The Council on Higher Education (CHE) Institutional Quality Audit (IQA) workshop hosted on Monday, 14 February 2022, left the MUT IQA team feeling more confident and better informed on the expectations of the upcoming institutional audit planned for end of June and beginning of July 2022.
The workshop, which was conducted by Dr Sanele Nene, Senior Manager: Institutional Audits and Dr Bongiwe Hobololo, Manager: Institutional Audits at the CHE, set the tone for an audit that seeks to highlight institutional strengths, an opportunity for development, and intended to direct the Institution towards a mature quality management system.
Dr Suri Moodley, the University’s Quality Management Directorate (QMD) Director, hailed the audit as an opportunity for management, the audit panel, and the entire MUT community to understand “our Institution”.
The CHE officials provided the MUT team with a clear background on the audit process. What gave MUT staff more confidence was hearing that at no stage of the audit will the institutions being audited be measured against each other, but will be measured mostly on the credibility and reliability of the evidence and information provided to the audit panel.
“The quality audit is a peer and evidence-driven process allowing the Institution to bring its own evidence. However, the panel may request additional evidence where necessary. The panel will be more satisfied to observe a fully inclusive quality management system that is representative of all University’s internal stakeholders. The importance of the student’s voice in curriculum transformation and renewal gives feedback on how the University runs its business through the lens of students,” said Dr Hobololo.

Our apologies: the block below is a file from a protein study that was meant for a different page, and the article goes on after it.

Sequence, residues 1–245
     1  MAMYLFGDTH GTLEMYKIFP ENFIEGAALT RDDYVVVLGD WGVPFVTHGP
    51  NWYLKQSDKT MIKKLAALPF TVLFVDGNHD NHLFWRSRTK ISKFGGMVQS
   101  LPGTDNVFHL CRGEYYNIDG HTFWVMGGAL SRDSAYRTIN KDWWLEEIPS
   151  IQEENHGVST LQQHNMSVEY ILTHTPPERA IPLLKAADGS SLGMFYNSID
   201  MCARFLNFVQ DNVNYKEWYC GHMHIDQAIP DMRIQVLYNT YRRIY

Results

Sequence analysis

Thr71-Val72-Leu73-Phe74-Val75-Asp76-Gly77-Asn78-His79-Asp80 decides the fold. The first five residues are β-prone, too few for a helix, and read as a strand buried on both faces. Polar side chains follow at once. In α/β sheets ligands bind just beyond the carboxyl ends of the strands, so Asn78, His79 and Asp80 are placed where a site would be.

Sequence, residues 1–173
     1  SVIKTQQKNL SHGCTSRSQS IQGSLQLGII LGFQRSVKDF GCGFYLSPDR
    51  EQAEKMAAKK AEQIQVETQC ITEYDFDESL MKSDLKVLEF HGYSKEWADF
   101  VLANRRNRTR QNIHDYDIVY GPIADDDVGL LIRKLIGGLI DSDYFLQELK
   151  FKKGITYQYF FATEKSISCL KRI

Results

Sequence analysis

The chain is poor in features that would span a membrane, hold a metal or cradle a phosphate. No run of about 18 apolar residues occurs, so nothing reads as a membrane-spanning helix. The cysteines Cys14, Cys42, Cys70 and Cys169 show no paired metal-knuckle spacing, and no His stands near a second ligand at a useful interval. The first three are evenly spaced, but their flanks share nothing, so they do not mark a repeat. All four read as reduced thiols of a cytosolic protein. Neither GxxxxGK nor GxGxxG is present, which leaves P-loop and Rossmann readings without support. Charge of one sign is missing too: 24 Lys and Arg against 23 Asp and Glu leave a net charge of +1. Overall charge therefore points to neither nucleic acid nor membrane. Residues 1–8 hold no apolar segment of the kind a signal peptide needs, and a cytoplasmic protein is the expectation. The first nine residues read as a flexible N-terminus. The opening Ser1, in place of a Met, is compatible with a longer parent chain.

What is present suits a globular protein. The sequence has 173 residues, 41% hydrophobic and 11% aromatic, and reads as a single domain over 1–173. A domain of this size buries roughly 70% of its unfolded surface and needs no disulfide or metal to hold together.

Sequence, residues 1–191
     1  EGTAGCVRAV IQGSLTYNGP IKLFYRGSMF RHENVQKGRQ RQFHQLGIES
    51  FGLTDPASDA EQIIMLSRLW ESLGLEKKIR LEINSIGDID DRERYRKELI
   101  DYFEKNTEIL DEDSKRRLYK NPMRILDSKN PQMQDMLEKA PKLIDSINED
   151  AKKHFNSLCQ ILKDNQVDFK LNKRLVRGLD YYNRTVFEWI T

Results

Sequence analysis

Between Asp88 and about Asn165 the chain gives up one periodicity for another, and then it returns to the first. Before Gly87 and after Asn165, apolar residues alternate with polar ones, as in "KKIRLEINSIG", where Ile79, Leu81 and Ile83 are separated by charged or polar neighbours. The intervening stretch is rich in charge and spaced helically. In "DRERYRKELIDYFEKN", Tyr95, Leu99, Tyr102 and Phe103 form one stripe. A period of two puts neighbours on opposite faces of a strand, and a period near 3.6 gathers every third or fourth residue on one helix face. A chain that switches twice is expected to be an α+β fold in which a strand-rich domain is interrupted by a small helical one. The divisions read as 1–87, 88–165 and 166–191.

Dr Nene assured MUT that quality audits were by no means fault finding missions but were intended to enable continuous improvement of universities and the sector for the betterment of students and society.
“For some institutions, quality audits are a nerve-wracking process. Please rest assured this process is not punitive. The purpose is firstly ensuring accountability for public funds, and secondly ensuring accountability and delivery of quality academic programmes. Word of advice, do not be shy of highlighting your strengths, be confident in your processes because the panel looks at your unique areas of strengths and makes recommendations,” forewarned Dr Nene.
Four focus areas and 12 standards for the audit were developed. The team was informed that institutions were required to respond to all four focus areas, and select standards they prefer for the quality audit. These are the audit focus areas:
Focus area 1: Governance, strategic planning, management, and leadership support to the core academic functions.
Focus area 2: The design and implementation of the institutional quality management system supports the core academic functions.
Focus area 3: The coherence and integration of the institutional quality management system supports the core academic functions.
Focus area 4: Curriculum development, learning and teaching support the likelihood of student success.
Workshop facilitator, Dr Lazarus Sentsho, MUT’s Quality Officer, opened the discussion and allowed MUT colleagues to field as many questions as they needed. This was a welcome opportunity for the MUT IQA team who took turns asking questions to ensure that come day of the audit the institution is well-prepared for positive audit recommendations.